US9890604B2 - Devices and related methods for actuating wellbore tools with a pressurized gas - Google Patents

Devices and related methods for actuating wellbore tools with a pressurized gas Download PDF

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US9890604B2
US9890604B2 US14/669,546 US201514669546A US9890604B2 US 9890604 B2 US9890604 B2 US 9890604B2 US 201514669546 A US201514669546 A US 201514669546A US 9890604 B2 US9890604 B2 US 9890604B2
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sub
chamber
shaft
gas transfer
power charge
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US20150285019A1 (en
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Jeffrey D. Wood
Kevin L. Baker
Matthew C. Clay
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Owen Oil Tools LP
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Owen Oil Tools LP
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Assigned to OWEN OIL TOOLS LP reassignment OWEN OIL TOOLS LP ASSIGNMENT OF ASSIGNORS INTEREST (SEE DOCUMENT FOR DETAILS). Assignors: BAKER, KEVIN L., CLAY, MATTHEW C., WOOD, JEFFREY D.
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    • EFIXED CONSTRUCTIONS
    • E21EARTH DRILLING; MINING
    • E21BEARTH DRILLING, e.g. DEEP DRILLING; OBTAINING OIL, GAS, WATER, SOLUBLE OR MELTABLE MATERIALS OR A SLURRY OF MINERALS FROM WELLS
    • E21B23/00Apparatus for displacing, setting, locking, releasing, or removing tools, packers or the like in the boreholes or wells
    • E21B23/04Apparatus for displacing, setting, locking, releasing, or removing tools, packers or the like in the boreholes or wells operated by fluid means, e.g. actuated by explosion
    • EFIXED CONSTRUCTIONS
    • E21EARTH DRILLING; MINING
    • E21BEARTH DRILLING, e.g. DEEP DRILLING; OBTAINING OIL, GAS, WATER, SOLUBLE OR MELTABLE MATERIALS OR A SLURRY OF MINERALS FROM WELLS
    • E21B23/00Apparatus for displacing, setting, locking, releasing, or removing tools, packers or the like in the boreholes or wells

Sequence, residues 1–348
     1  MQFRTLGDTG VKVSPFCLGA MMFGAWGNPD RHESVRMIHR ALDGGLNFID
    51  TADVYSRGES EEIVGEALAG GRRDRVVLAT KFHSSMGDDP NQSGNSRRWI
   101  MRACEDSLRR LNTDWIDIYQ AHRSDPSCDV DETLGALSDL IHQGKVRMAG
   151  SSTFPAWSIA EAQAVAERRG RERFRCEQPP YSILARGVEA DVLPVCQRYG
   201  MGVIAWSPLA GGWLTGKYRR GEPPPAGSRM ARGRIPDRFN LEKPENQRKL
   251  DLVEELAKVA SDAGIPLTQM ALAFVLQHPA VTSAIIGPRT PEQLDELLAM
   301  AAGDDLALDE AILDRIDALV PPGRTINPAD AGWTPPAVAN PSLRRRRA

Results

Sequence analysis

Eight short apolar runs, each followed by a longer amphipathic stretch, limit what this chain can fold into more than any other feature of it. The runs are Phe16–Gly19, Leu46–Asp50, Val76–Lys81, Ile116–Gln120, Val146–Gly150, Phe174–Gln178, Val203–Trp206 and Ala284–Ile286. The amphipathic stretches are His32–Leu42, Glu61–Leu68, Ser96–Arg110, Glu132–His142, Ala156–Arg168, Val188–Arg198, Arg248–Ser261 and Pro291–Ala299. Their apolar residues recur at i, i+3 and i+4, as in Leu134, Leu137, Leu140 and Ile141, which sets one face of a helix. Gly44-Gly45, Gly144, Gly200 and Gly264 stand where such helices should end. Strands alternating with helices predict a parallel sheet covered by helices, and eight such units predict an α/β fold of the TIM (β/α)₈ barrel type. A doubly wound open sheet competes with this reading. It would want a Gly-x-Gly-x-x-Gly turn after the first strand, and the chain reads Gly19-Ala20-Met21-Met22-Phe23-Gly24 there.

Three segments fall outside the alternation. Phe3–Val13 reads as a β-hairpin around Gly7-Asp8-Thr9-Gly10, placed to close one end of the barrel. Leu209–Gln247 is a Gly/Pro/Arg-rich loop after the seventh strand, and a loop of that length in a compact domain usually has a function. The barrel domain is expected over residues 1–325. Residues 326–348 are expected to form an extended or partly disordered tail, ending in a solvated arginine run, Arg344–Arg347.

• E21B23/06Apparatus for displacing, setting, locking, releasing, or removing tools, packers or the like in the boreholes or wells for setting packers
    • E21B23/065Apparatus for displacing, setting, locking, releasing, or removing tools, packers or the like in the boreholes or wells for setting packers setting tool actuated by explosion or gas generating means

Abstract

An apparatus for activating a wellbore tool may include a first sub, gas transfer sub, and a second sub. The first sub has an igniter that generates a flame output that ignites a power charge. The power charge generates a high pressure gas when ignited by the flame output. The gas transfer sub has a first end receiving a portion of the power charge, a longitudinal bore, and a plurality of flow passages radiating from the longitudinal bore. The flow passages provide fluid communication between the longitudinal bore and the first sub. The second sub includes a shaft having a first end connectable with the gas transfer sub.

Description

CROSS REFERENCE TO RELATED APPLICATIONS

This application claims priority from U.S. Provisional Application Ser. No. 61/975,585 filed on Apr. 4, 2014, the entire disclosure of which is incorporated herein by reference in its entirety.

BACKGROUND OF THE DISCLOSURE

1. Field of Disclosure

The present disclosure relates to an apparatus and method for actuating a downhole tool with a pressurized gas.

2. Description of the Related Art

During the construction, completion, recompletion, or work-over of oil and gas wells, there may be situations wherein one or more well tools may need to be mechanically actuated in situ. One known method for actuating a well tool is to generate a pressurized gas using a pyrotechnic charge and then convey the pressurized gas into a device that converts the pressure into mechanical energy, e.g., a piston-cylinder arrangement that converts the pressure into motion of a selected tool or tool component. In certain situations, the energetic material used to generate the pressurized gas may also produce debris in sufficient size and volume to partially or completely plug the passages that convey the pressurized gas to the actuator. In aspects, the present disclosure addresses the need for devices and methods for reducing the occurrence of plugging of these passages by the debris associated with deflagration of energetic materials.

SUMMARY OF THE DISCLOSURE